How Does a Repossession Affect My Credit Score?

So the worst has happened. You walked to the street, keys in hand, ready for another long day at work. Except this time, where once your car sat, prepared to faithfully take you to your office, there now was only an empty parking space.


Putting aside all of the logistics such as how to go about getting it back, and how much is it going to cost you, there is another insidious issue now that your car has been repossessed. What will happen to your credit score, now that your credit report will show that your car was repossessed?


A repossession stays on your credit report for seven long years. It will affect your credit score more severely than some other negative elements on your report, such as late or missing payments. And unlike an issue such as a debt that is in collections, you can’t just pay off the balance owed and easily have it removed from your credit report.


The older your repossession gets, the less it will affect your credit. But since it is on your report for seven years, it will be burden to you and your credit for the entire time it is listed. Consequently, it is important to do your best to avoid having a vehicle repossessed.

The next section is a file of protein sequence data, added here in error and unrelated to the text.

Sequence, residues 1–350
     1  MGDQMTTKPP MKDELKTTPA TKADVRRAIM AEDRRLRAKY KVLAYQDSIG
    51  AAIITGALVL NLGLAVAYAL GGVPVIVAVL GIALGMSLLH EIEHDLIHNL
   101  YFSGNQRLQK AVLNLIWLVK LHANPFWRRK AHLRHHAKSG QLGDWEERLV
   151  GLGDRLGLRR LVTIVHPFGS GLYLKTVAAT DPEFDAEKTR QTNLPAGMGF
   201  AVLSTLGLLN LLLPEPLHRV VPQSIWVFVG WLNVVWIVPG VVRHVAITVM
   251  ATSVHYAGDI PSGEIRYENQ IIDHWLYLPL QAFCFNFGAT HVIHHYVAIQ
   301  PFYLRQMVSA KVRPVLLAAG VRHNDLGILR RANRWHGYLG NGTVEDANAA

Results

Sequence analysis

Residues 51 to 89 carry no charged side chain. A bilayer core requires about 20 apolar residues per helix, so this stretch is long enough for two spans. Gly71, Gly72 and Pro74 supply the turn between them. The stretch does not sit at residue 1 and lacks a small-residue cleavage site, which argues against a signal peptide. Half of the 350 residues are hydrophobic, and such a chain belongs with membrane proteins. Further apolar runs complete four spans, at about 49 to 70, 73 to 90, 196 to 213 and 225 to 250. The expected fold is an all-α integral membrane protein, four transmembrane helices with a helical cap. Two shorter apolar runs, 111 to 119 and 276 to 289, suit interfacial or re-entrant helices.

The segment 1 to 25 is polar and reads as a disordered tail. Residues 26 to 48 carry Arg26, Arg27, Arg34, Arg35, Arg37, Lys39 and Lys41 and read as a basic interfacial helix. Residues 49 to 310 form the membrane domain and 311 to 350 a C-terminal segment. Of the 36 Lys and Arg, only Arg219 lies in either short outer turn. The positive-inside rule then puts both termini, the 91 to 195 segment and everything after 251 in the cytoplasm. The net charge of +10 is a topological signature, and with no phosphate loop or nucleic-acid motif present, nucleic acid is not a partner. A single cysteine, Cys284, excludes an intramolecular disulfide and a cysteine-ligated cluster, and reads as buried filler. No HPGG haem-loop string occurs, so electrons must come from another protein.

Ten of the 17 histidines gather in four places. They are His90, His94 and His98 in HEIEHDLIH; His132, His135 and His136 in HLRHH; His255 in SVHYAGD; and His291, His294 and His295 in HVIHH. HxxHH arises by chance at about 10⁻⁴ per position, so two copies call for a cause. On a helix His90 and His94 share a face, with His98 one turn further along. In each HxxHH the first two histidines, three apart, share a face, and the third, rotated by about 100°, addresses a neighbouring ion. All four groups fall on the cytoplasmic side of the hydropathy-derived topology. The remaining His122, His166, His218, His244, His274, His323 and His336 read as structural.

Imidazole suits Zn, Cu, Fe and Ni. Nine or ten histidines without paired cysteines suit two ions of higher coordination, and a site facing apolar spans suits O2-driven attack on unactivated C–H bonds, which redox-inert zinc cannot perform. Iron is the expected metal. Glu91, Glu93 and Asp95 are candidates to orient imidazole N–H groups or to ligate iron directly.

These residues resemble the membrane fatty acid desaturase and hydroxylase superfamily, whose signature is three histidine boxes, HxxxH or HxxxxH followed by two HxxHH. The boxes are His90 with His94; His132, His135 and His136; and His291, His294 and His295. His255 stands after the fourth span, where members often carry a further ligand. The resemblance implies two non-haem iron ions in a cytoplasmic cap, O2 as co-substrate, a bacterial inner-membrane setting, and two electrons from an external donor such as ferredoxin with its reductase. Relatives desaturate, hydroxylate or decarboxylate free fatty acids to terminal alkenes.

But sometimes bad things happen. If you have had a vehicle repossessed, and your credit has taken a hit, is there anything that can be done about it?


You can attempt to dispute the repossession on your credit. There is little chance of success, but it doesn’t hurt to try, especially because the dispute process through all three credit bureaus is fairly quick, free, and simple. The credit bureau will investigate your case, and there is a small chance it might find errors on the part of the agency that reported the repossession, such as recordkeeping discrepancies. If this occurs, then it may remove the repossession from your credit. If the credit bureau determines that your car was legitimately repossessed (which is the most likely scenario), then the repossession will stay on your credit.


There is one drawback to investigating your repossession. If you still owe money to the creditor for the repossessed vehicle, then starting the dispute process with the credit bureaus may put you on the creditor’s radar. The creditor may then choose to take steps to collect on the money you owe, such as garnishing your wages.


If you have had a vehicle repossessed, it may be wise to discuss your situation with an attorney. If the repossession is determined to be improper, you might be able to sue the creditor and have it removed from your credit report. This would also eliminate any debt owed to the creditor.